Josie


2 months ago via Forums | Front Porch Forum

Klaus Karbaumer says 2016-12-20 08:48:37 (CST)



Josie, weight moves weight,by that maxim it wouldn't make any difference which animal you take- horse or mule or cattle, but it is also the disposition or willingness to give the best effort. While I myself never had oxen, I grew up at a time when some farmers in the neighborhood used them (cows were used by people with very small landholdings) and I remember that it was said it was easier to make a horse pull more than a cow or ox. Probably cattle realize earlier than a horse what is feasible and what is not, in other words they are either smarter or horses/mules are more loyal.


2 months ago via Forums | Front Porch Forum

Josie says 2016-12-23 17:13:46 (CST)



Klaus, sorry that I didn't respond I ran out of time when I was on here last and I don't have any time now to respond. I shouldn't be able to be on here until after New Years. Merry Christmas and a happy New Year.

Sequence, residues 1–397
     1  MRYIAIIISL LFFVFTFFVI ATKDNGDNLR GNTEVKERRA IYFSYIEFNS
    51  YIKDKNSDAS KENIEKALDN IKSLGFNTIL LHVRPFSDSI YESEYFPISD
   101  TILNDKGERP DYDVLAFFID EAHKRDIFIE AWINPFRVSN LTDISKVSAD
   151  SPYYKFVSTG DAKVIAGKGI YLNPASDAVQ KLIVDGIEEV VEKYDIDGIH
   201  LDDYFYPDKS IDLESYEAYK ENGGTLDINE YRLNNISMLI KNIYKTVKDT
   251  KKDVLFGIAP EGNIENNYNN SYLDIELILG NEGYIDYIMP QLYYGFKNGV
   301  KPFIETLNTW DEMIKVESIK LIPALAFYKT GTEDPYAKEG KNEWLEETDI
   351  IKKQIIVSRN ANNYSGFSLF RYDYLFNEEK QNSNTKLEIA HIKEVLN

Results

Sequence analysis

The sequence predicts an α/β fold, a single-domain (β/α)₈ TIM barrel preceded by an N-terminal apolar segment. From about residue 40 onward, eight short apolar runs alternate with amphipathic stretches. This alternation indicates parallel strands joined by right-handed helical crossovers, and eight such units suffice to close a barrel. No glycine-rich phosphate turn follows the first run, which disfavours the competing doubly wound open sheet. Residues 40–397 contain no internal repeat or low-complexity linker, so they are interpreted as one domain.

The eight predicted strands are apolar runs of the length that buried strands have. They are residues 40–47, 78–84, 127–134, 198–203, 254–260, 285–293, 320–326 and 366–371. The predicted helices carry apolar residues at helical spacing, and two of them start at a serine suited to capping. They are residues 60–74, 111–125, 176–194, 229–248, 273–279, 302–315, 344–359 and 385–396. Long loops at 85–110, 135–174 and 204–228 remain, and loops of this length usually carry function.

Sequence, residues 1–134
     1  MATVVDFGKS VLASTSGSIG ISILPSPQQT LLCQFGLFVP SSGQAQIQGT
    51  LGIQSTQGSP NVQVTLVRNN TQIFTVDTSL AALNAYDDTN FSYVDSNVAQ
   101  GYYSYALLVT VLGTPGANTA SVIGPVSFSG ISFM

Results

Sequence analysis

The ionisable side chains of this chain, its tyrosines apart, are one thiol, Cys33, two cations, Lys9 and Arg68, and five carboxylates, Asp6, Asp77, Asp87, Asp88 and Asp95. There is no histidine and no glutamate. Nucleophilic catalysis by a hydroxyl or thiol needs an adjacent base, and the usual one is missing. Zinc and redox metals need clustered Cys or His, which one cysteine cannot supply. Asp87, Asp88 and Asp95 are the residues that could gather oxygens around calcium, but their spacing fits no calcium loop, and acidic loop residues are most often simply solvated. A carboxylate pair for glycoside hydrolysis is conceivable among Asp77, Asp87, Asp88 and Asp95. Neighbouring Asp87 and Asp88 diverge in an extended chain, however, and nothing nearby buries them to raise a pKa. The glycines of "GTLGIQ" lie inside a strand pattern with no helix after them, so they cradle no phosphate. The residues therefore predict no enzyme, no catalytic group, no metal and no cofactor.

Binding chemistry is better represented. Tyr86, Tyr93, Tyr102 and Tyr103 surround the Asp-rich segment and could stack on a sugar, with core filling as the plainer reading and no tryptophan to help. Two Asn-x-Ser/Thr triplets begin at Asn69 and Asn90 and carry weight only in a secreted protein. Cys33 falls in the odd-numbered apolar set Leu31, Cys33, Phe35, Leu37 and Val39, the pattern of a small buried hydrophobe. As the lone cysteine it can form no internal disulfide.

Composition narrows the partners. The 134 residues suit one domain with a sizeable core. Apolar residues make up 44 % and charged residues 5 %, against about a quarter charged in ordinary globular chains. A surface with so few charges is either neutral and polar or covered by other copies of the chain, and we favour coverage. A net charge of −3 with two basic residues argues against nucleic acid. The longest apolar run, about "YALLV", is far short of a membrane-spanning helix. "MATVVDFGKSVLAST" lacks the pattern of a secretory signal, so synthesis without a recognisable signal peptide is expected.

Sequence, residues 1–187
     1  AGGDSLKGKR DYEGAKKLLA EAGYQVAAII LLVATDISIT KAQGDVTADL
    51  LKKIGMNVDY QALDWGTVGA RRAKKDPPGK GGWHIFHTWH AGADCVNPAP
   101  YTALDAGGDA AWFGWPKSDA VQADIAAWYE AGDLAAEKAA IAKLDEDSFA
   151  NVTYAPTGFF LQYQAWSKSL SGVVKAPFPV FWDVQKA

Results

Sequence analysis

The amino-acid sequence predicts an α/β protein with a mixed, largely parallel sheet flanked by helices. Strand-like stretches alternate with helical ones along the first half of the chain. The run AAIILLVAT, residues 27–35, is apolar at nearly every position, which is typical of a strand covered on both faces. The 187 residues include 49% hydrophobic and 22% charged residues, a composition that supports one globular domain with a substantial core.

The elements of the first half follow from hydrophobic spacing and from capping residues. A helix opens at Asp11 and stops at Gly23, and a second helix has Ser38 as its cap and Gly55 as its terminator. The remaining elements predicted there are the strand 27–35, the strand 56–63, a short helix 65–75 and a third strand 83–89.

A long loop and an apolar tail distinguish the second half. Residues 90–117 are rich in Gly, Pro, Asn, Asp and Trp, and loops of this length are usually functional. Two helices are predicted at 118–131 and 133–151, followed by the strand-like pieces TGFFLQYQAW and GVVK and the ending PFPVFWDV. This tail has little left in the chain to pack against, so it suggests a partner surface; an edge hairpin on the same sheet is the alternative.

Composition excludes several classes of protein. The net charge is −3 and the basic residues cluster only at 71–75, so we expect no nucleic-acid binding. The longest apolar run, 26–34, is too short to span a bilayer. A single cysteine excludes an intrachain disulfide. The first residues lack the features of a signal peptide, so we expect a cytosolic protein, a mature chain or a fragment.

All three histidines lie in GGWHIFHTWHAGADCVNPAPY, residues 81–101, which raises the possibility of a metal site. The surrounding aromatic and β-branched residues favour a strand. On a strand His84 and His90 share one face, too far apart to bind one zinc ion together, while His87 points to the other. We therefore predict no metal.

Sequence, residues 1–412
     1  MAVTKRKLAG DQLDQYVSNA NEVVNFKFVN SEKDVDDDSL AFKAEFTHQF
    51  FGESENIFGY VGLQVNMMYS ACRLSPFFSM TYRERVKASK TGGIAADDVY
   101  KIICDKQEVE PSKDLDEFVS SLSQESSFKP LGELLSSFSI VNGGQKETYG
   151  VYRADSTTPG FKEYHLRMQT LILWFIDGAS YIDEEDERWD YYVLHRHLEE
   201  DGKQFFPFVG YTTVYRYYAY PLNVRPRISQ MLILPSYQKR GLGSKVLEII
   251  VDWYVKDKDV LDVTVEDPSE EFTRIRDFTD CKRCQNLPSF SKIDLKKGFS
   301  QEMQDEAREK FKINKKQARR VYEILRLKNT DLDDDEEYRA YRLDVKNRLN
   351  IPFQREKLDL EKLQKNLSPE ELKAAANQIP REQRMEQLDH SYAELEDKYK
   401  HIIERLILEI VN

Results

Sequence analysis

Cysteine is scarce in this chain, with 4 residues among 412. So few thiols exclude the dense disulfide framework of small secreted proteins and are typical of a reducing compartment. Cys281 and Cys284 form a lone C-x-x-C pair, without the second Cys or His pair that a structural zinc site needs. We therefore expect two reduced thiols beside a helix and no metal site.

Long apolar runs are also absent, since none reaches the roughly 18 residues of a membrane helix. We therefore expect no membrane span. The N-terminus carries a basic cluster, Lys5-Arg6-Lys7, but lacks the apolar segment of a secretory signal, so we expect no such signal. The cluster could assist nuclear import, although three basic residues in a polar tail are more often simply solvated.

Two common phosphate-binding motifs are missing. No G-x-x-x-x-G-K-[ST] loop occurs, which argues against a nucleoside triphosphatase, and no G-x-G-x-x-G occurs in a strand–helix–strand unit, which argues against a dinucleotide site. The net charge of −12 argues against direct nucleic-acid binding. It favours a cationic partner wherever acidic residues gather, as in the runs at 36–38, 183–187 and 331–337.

Josie


1 month ago via Forums | Front Porch Forum

Josie says 2017-01-08 16:11:13 (CST)



Klaus, you mentioned weight moving weight. This got me thinking. You look at a draft horse and a non draft horse the draft horse has more weight on its forequarters than the non draft horse. Also it looks like it is going downhill generally non draft horses look like they're either going uphill or are on flat ground. With this in mind looking at cattle I see(this is more of a personal theory. It's not proven) that the only reason that they have hindquarters is to keep their noses off the ground(figure of speech). They are always going downhill and I noticed that their necks are placed lower than horses are, even draft horses' necks are placed higher. Don't get me wrong I love my horses but looking at the evidence in front of me I am wondering if maybe we have missed the potential of the ox.